I was fortunate to substitute teach for a High School English class this past week and one of the exercises was to read and discuss the short story The Yellow Wallpaper by Charlotte Perkins Gilman. It IS short; I was able to easily read it during the lunch break and was eager to see what the students would bring up to discuss on the next day. It was wonderful to have a bit of overlap, of continuity when I sub – usually it is a quick glimpse into a big work of literature and … that’s it.
Since I had the next day to look forward to, I printed off Nymeth’s review and the article of CPG’s “Why I Wrote The Yellow Wallpaper”. I read the last piece to the class before we dove into discussion. The other part, I just left in the folder for the teacher.
Some of the class thought it was boring. Some were confused as to the ending. It was delightful to see the respect and acknowledgement given to classmates when one would share their thoughts and another would say ‘Thank you. I hadn’t thought of that.” or “Oh, I didn’t see that; now I get it.” Can you tell I was very impressed with the quality and consideration that these ‘kids’ exhibited? I got a big sense of how wonderful it is to be a teacher.
The word ‘creepy’ came up a lot. They were a bit more sympathetic to her husband than I was. “He was only a product of his times.” I think they may be overloaded on the century-old female protagonist topic; they had papers due on Kate Chopin’s The Awakening and we had a lively discussion comparing the two fates of these women. What they had in common and what they didn’t. [They offered that Edna had more control over her situation.]
OK, so if you don’t know [it's available online for free at gutenburg] what TYW is about, I guess I better tell you just a bit. It is the secret journal writings of a woman in Victorian times who has been advised to ‘rest’; she is suffering from ‘nerves’. She should not stir her imaginings by writing, reading or doing anything ‘intellectual’ since, of course, we all know that woman shouldn’t do such things! Her husband is her physician and she respects and trusts him as a good wife and patient should. But… Well, she really hates the wallpaper. He won’t change it since they are only there for a short stay – she IS getting better, yes? and she would only find something else that bugs her, anyway…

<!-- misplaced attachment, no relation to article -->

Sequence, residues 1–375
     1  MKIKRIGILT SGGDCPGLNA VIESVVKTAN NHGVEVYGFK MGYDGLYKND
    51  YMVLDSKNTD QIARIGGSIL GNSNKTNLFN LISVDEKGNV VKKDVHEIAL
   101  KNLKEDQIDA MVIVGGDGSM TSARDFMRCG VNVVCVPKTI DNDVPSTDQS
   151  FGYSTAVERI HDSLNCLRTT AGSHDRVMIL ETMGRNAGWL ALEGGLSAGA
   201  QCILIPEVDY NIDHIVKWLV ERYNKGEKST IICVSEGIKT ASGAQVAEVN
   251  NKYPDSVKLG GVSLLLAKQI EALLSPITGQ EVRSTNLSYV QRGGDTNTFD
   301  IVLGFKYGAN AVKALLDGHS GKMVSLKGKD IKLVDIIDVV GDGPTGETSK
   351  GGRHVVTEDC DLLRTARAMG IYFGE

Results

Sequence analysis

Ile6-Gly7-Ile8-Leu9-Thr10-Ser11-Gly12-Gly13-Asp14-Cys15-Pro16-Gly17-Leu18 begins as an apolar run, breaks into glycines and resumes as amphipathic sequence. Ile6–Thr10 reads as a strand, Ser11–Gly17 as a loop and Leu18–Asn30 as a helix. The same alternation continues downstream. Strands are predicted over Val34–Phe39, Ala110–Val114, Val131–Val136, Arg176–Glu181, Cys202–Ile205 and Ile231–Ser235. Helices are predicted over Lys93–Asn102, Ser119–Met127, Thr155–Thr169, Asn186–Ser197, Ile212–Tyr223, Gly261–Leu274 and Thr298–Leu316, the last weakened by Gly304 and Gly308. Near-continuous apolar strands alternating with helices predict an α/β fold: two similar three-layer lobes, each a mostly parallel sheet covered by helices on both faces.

It is creepy. It is light, sometimes humorous. Wonderfully written, pacing is perfect, packs quite a punch! Our narrator/protagonist both understands (or says she does) the treatment and revolts against it (and that is why she is said to be an unreliable narrator?) If ONLY they had changed that awful wallpaper!! It is an astonishing look at what women were put through back before anyone understood such things as mental illness and postpartum depression. And it is an example of the spirit of Ms. Gilman for writing it.
WORDS: incipient - in an initial stage; beginning to happen or develop. “Another physician [...] wrote to say that it was the best description of incipient insanity he had ever seen…” From CPG’s “Why I Wrote The Yellow Wallpaper”